Another factor that contributed to the long-time success of this scheme was that it was a very well-kept secret. Madoff conducted his fraudulent business on a private floor that required a special pass to get in. There were very few employees on that floor, and all of the transactions and records were kept on a very old IBM server from the 1980s. This system left less of a trail to follow, as most of the information had to be hand-keyed into the computer.

After almost 50 years, Bernie Madoff found he was in too deep and had no other choice but to confess to the crimes he had committed. After his confession, Madoff was charged with eleven federal charges which included securities fraud, mail fraud, money laundering, and filing false statements with the SEC. Madoff plead guilty to all charges and made no attempt to plea-bargain with the government (Bandler, 2009). He was not going to give up the names of any accomplices and stated that he was solely responsible for the entire fraud.

Unfortunately, Madoff is not the only guilty party in this scandal. The SEC has also come under attack due to this disturbing situation. It was discovered that there were several tips and allegations made to the SEC regarding Madoff’s business starting as far back as 1999. At the time, the SEC felt there was really no reason to investigate the investment firm and disregarded the tips. The agency is now criticized for not using their subpoena power to retrieve more information on Madoff and his secretive investment dealings. A lot of people and organizations are upset with the SEC for letting this happen, as they are supposed to be the advocate of all investor’s. It is their job to protect the investor’s money, and make sure trading firms are behaving in accordance with all laws, statutes, and regulations. Critics have commented that it was a huge mistake to have a small unknown auditor handling an account of this size and nature.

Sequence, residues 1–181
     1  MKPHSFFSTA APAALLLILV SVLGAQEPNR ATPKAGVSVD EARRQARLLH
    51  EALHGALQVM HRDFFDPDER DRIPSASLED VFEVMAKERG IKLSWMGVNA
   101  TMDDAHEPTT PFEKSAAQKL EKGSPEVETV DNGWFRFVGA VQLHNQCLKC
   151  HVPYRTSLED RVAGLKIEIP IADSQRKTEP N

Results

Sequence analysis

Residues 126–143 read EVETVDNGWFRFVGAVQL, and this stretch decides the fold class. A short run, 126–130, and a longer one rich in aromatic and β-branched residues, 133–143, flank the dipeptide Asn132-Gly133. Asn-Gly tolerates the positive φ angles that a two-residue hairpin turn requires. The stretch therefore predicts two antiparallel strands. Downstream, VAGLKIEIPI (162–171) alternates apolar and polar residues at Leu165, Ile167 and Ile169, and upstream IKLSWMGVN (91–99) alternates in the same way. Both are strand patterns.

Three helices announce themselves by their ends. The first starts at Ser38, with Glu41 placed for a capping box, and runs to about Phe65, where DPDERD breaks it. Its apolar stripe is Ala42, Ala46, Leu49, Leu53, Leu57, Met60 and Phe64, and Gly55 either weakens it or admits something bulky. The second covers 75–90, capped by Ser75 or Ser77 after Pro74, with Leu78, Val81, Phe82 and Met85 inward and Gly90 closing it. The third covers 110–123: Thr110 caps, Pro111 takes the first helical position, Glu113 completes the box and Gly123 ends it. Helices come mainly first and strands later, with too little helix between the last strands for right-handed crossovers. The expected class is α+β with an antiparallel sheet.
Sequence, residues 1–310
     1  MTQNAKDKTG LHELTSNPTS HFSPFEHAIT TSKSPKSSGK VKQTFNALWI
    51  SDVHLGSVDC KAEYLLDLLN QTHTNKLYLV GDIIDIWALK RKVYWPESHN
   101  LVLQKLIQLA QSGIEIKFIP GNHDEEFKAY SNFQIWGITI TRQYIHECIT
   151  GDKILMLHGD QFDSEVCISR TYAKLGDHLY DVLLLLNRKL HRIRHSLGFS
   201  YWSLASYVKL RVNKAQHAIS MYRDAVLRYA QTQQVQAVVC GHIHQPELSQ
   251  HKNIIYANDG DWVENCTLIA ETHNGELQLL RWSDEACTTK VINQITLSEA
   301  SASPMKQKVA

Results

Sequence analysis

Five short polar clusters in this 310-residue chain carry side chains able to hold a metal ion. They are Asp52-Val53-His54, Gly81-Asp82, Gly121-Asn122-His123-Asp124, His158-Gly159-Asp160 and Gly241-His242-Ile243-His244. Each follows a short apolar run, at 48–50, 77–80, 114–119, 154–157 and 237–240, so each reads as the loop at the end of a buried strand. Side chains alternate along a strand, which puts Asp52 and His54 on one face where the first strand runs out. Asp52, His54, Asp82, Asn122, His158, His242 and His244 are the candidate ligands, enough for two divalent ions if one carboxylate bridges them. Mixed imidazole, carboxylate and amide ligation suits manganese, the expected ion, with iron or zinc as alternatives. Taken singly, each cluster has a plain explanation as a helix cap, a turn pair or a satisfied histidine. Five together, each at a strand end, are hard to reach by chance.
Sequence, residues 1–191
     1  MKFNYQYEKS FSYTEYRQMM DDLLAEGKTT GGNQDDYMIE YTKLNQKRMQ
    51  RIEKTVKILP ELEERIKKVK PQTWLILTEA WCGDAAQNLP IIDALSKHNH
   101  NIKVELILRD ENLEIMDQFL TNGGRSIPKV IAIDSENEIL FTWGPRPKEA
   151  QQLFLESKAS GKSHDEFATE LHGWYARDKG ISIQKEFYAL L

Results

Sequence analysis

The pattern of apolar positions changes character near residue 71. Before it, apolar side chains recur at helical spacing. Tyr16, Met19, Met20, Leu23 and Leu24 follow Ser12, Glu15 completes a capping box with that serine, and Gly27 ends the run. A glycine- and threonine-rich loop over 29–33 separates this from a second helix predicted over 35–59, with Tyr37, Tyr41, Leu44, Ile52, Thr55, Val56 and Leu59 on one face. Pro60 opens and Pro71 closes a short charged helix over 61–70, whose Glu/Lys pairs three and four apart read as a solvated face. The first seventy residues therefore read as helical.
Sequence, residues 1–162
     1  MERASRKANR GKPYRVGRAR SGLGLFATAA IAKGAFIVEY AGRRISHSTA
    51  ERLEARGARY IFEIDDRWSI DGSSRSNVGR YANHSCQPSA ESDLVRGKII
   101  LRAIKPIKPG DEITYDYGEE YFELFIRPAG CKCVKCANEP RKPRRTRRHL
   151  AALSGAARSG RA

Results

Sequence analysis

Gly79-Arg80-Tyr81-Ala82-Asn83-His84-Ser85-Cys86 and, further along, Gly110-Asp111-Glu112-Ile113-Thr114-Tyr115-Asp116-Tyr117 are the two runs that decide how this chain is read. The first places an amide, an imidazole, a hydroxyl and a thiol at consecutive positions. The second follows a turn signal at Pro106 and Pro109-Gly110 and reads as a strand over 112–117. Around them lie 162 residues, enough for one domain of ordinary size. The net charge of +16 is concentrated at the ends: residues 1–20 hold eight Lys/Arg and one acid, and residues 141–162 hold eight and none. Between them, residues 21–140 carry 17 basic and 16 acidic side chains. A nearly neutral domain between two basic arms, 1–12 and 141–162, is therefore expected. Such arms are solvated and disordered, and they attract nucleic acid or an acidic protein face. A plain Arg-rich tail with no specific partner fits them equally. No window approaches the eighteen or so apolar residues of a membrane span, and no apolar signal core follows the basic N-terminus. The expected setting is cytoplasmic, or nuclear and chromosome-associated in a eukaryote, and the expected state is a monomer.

Despite the errors made by the SEC, it does not change the fact that the decisions made by Bernard Madoff were illegal, corrupt, and completely dishonorable. His scheme has destroyed businesses, charities, and many people’s personal lives. He squandered people’s life savings, and left them destitute and with nothing. He went through millions of dollars invested by very famous people, such as Kevin Bacon, Steven Spielberg, Zsa Zsa Gabor and many, many more. Large charities have even had to shut down because they lost so much of their funds in the Ponzi scheme. Bernie Madoff is now facing a potential sentence of 150 years in jail. When asked to comment Madoff stated, “I am ashamed of these criminal acts. I always knew this day would come.”


Bandler, J. (2009, April 30). How Bernie Did It. Retrieved November 30, 2009, from CNNMoney.com: http://money.cnn.com/2009/04/24/news/newsmakers/madoff.fortune/?postversion=2009042406

Brockman, J. (2008, December 17). Q&A: Madoff Case Puts Spotlight on SEC. Retrieved November 30, 2009, from NPR: http://www.npr.org/templates/story/story.php?storyId=98272825

Lenzner, R. (2008, December 12). Bernie Madoff's $50 Billion Ponzi Scheme. Retrieved November 30, 2009, from Forbes.com: http://www.forbes.com/2008/12/12/madoff-ponzi-hedge-pf-ii-in_rl_1212croesus_inl.html

Shultz, K. B. (2009, March 14). Bernie Madoff's Billionaire Victims. Retrieved November 30, 2009, from Forbes.com: http://abcnews.go.com/Business/Economy/story?id=7078463&page=1